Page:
I don’t like the Public Order and Preservation Act – that’s the one that was invoked right after the riots. It just too draconian a tool . It gives the police powers to stop processions and disperse crowds, impose curfews, remove belongings and impose reporting requirements on individuals. Now, that’s a huge curtailment of civil liberties which should only be imposed alongside martial law or a state of emergency!

I guess some people thought that since it has worked “well’’ so far, with weekly notifications through the gazette and stand-downs, why not just continue? Personally, I don’t like living under unclear conditions. And why such a blunderbuss approach to a specific incident confined geographically? Do we want to say that we trust the G and the police not to over-step the bounds, even though it is empowered to do so under POPA? And that since it hasn’t done so so far, so why change the rules?

I disagree. The POPA is way, way too draconian. In fact, civil society should have been up in arms when it was first imposed! Now though there’s plenty of noise about the smaller scoped Little India Bill.

Why Little India? Because that was where the worst riot in recent history happened. Isn’t this racial profiling? You can call it that but you can’t get away from the fact the place is where the riot, committed by South Asians, happened. Territory and race coincided. (My suit of armour is now on…)

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Should the Bill wait for the findings of the Commission of Inquiry? Errr, that will take six months and in the meantime, we just enact the POPA every week? No, no, no. For reasons above.

Or we don’t do anything at all? That’s a judgment the law enforcement people have to make – that nothing untoward will happen in the six months even with heightened police presence ecetera. Now, if something does happen, you can bet the police will be hauled over the coals for not having preventive measures.

I am for the Little India Bill – as a replacement for POPA. But I still have some questions about it.  

  1. Why one year?  Because the COI is taking six months and the G will have six months to put whatever recommendations in place? I don’t buy that. I think the Act should “expire’’ when Little India no longer poses as a tinderbox. And surely, the police will take its own measures to do something about their own policing without resorting to the Little India Act?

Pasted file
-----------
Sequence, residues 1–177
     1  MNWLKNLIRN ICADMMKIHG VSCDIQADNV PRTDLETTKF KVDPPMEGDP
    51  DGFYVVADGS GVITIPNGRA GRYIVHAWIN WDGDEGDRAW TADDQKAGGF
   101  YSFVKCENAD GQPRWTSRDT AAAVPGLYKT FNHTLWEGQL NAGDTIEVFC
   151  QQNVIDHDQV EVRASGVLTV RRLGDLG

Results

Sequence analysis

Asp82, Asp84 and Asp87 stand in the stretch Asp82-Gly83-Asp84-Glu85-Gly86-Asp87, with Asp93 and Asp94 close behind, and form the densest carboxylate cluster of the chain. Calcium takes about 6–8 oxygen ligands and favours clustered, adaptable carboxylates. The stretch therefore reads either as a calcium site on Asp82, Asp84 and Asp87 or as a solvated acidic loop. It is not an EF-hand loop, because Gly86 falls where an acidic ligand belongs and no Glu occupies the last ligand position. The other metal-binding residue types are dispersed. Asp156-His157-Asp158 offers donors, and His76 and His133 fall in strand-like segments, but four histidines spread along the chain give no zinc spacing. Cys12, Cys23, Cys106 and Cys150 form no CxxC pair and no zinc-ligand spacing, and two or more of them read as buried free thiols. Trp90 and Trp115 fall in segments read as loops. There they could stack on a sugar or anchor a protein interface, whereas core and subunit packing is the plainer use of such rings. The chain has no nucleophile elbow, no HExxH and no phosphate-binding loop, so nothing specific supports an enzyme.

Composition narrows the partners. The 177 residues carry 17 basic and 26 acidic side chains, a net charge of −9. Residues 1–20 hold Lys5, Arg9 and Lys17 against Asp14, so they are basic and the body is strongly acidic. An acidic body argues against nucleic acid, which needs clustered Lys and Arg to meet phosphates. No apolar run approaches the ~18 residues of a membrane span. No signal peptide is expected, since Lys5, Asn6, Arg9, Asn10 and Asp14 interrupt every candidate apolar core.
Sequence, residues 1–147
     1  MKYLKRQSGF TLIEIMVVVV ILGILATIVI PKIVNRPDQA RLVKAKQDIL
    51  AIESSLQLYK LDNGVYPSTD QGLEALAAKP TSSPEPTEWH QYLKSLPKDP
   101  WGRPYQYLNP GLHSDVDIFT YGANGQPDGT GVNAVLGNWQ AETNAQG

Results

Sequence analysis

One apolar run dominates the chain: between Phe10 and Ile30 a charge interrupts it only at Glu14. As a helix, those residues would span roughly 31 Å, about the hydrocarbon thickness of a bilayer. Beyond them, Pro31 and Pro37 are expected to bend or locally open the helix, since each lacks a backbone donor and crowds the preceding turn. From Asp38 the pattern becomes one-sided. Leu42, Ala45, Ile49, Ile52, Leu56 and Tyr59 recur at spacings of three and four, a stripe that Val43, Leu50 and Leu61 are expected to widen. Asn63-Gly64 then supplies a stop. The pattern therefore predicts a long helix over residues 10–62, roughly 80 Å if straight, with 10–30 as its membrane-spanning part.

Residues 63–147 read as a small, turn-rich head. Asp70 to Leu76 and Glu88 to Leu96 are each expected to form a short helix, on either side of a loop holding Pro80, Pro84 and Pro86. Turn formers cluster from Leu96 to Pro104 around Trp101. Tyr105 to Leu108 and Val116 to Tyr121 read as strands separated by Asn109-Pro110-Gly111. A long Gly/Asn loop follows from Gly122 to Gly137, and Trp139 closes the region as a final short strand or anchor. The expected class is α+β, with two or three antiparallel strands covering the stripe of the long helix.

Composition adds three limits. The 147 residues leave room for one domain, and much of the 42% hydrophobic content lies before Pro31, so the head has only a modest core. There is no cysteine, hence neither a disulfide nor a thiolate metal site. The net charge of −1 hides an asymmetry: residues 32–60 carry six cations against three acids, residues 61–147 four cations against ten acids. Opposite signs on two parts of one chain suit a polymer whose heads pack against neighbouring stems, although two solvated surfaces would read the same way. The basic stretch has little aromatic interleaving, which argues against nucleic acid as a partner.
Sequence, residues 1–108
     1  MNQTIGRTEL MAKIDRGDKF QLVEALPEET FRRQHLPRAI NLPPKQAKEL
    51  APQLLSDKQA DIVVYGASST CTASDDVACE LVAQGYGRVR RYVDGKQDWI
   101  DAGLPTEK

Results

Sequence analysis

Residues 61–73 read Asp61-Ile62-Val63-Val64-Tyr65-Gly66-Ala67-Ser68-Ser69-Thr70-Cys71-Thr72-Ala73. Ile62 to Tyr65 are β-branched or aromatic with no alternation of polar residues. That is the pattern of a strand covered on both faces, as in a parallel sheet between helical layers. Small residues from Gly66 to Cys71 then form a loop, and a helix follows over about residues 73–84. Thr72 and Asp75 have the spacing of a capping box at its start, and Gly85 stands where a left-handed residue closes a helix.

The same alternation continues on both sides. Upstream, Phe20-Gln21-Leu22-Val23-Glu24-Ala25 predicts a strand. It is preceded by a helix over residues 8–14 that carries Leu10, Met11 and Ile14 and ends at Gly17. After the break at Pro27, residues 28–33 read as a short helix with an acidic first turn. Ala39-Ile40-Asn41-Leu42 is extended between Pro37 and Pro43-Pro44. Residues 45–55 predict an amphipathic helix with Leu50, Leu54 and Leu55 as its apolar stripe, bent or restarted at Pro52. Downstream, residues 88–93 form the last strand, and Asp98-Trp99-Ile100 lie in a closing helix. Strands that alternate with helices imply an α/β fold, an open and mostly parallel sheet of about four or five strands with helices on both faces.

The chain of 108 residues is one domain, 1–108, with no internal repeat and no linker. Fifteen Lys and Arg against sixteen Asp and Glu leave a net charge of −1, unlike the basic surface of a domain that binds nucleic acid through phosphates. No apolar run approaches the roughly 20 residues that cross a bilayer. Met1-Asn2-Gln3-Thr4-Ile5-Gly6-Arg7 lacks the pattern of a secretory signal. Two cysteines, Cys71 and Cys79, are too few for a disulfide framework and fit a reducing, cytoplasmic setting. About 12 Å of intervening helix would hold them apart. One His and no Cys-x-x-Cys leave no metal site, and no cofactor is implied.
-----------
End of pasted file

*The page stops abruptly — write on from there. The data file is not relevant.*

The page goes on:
2. Why this concentration on alcohol as the cause? The G said it was definitely a “contributory’’ factor. If so, it should take a good hard look at its own policies on dispensing liquor licences and allowing businesses to sell liquor WITHOUT a licence. That was one of the reasons for the Little India Bill, to take quick action against illegal liquor sellers. More questions should have been raised about this liquor largesse of the G in Parliament, or are the MPs waiting for the COI to do so?


The COI is going to have a lot to do and probably doesn’t want people pre-judging the issue, whether on the part of the G or the civil society groups. One question I hope it will explore is: How did it come to pass that a riot even happened, when there have been so many signs and comments that there was too much liquor going around and too many people on the weekends? Weren’t the police alert enough to see that trouble was waiting to happen and should have taken steps earlier?

Now, with the Little India Act, it’s like shutting the barn door after horse has bolted. But better the Little India Act, then POPA. Better strong law and order policing now, than later. But, the riot shouldn’t have happened. It is yet another indication that we’ve been taking our peace and stability for granted. Especially on the part of the Home Team. 

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An ex-journalist who can't get enough of the news after being in the business for 26 years